He may not look it but the 6-foot-9 Dunleavy will turn 35 in September and, when healthy, remained a steady contributor for the Chicago Bulls last season (9.4 points in 63 games, all starts). As a 37.6 percent three-point shooter for his career, he would provide spacing with some experience.

Mirza Teletovic ($3.3 million)

The 6-foot-9 Bosnian is probably best as a stretch-four but has played the three in his three-year NBA career with the Brooklyn Nets. A 36.2 percent three-point shooter, Teletovic, 29, was sidelined for four months after he was diagnosed with bilateral pulmonary embolus in January but returned in the playoffs.

Omri Casspi ($1 million)

Casspi is another three-point marksman who can also play some power forward. The 6-foot-9 Israeli averaged 8.9 points and shot a career-best 40.2 percent from three in 67 games for the Sacramento Kings last season. A first-round pick in 2009, the 26-year-old Casspi has never made more than $2.2 million in a season.

Gerald Green ($3.5 million)

One of the final players to enter the league straight out of high school in 2005, the 6-foot-8 Green has become a solid contributor off the bench over eight NBA seasons. Green, 29, has developed into an effective three-point shooter (38 percent over the last two seasons) to complement his astounding athleticism — and the Wizards need both.

Tayshaun Prince ($7.7 million)

A 13-year veteran, the lanky 6-foot-9 Prince could come in and replace Pierce as the veteran in the locker room with championship experience in the final years of his career. Prince, 35, played for the Memphis Grizzlies, Boston Celtics, and Detroit Pistons last season, averaging 7.5 points and shooting 46.3 percent from beyond the three-point line.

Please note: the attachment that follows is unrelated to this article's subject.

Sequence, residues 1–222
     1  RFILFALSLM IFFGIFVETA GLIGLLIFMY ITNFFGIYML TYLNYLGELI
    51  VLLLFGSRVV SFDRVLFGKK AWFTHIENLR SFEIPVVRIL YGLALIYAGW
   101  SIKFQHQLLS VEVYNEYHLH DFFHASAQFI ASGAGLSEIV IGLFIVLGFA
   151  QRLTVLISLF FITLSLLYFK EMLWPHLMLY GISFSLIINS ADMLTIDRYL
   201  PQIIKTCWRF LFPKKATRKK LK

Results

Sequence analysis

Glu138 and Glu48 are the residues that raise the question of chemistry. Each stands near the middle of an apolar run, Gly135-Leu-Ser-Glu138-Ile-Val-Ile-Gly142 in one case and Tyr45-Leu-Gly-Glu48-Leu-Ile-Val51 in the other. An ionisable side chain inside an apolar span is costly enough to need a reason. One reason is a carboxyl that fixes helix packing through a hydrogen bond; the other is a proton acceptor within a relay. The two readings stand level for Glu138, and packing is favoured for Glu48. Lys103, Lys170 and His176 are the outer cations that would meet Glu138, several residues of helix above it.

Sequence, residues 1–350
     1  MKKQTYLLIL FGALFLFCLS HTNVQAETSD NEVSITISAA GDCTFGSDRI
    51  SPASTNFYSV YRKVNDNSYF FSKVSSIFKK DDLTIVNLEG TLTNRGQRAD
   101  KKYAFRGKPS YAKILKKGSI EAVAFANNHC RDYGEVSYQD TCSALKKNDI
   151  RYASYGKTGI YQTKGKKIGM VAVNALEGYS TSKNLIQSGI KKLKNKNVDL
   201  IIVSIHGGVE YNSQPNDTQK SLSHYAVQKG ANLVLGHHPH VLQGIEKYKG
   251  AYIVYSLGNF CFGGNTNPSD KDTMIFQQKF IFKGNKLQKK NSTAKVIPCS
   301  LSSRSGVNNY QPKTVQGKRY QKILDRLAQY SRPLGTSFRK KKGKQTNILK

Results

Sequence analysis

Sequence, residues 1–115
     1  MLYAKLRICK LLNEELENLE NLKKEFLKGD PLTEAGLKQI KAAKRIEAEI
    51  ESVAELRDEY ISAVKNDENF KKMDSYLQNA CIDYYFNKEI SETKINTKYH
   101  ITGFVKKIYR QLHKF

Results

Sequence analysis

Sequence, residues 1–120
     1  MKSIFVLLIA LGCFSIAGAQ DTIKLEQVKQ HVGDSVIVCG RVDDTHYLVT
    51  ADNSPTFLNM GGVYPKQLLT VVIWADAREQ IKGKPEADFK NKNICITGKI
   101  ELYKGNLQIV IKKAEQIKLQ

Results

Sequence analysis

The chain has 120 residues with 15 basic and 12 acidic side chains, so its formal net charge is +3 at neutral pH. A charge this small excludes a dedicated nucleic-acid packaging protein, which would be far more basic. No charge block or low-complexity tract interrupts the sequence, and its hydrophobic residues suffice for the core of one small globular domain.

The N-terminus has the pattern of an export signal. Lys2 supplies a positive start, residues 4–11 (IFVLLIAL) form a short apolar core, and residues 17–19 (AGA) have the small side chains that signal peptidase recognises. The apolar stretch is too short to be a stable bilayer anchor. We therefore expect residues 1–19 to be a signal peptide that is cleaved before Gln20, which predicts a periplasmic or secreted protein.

Alan Anderson ($1.27 million)

After two seasons as a steady contributor for the Nets, Anderson will decline his $1.33 million player option for next season for more money on the free-agent market. Standing at a sturdy 6-foot-6, the 32-year-old Anderson can play both wing positions. He averaged 7.4 points, shot 34.8 percent from three, and compiled a career-best 56.3 percent true shooting percentage in 74 games last season.

Dorell Wright ($3.1 million)

A first-round pick out of high school in 2004, Wright has established himself as a solid role player. The 6-foot-7 Wright, whose brother Delon is a projected first-round pick next week, spent the previous two seasons with the Trail Blazers. Wright, 31, averaged 4.6 points while shooting 38 percent from three in 12.3 minutes over 48 games.

Marco Belinelli ($2.8 million)

Another sharpshooter, the 6-foot-5 Italian has been an important cog for the San Antonio Spurs the previous two seasons. Belinelli, 28, averaged 9.2 points and shot 37.4 percent in 22.4 minutes over 62 games from three last season.